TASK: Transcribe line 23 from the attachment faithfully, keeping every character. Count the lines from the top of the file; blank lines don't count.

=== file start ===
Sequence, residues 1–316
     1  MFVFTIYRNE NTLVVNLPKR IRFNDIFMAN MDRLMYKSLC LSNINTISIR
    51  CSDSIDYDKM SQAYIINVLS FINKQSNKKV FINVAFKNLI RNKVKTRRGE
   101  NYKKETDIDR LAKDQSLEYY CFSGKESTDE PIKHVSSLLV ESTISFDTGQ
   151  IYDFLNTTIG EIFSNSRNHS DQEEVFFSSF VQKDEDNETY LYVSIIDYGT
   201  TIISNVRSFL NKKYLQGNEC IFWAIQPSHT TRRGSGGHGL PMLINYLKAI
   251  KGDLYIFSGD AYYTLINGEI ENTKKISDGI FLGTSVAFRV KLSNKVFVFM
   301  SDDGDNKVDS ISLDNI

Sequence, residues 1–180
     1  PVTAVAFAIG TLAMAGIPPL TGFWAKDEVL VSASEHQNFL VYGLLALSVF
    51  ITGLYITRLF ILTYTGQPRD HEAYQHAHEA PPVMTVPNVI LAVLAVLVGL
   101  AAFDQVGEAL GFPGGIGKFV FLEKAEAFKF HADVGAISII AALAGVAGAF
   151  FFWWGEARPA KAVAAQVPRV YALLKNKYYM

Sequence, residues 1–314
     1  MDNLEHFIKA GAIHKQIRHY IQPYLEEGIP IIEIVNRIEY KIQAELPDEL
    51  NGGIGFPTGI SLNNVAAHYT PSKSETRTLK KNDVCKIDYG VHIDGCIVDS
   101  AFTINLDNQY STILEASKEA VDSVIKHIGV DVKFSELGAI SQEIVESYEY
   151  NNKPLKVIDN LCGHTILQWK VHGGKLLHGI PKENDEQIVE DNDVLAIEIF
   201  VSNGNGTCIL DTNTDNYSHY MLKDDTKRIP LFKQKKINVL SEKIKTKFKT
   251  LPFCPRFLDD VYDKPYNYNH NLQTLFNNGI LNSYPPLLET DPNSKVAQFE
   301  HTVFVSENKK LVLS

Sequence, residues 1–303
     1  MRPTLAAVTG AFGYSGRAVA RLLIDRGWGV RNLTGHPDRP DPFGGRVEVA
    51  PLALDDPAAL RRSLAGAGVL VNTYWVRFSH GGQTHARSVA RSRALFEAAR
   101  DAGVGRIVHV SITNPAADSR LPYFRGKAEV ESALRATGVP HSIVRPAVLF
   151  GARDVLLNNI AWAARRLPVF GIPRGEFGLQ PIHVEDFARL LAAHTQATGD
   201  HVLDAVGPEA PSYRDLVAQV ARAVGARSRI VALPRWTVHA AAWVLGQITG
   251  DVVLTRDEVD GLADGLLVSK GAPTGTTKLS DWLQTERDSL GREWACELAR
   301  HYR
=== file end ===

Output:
     1  MRPTLAAVTG AFGYSGRAVA RLLIDRGWGV RNLTGHPDRP DPFGGRVEVA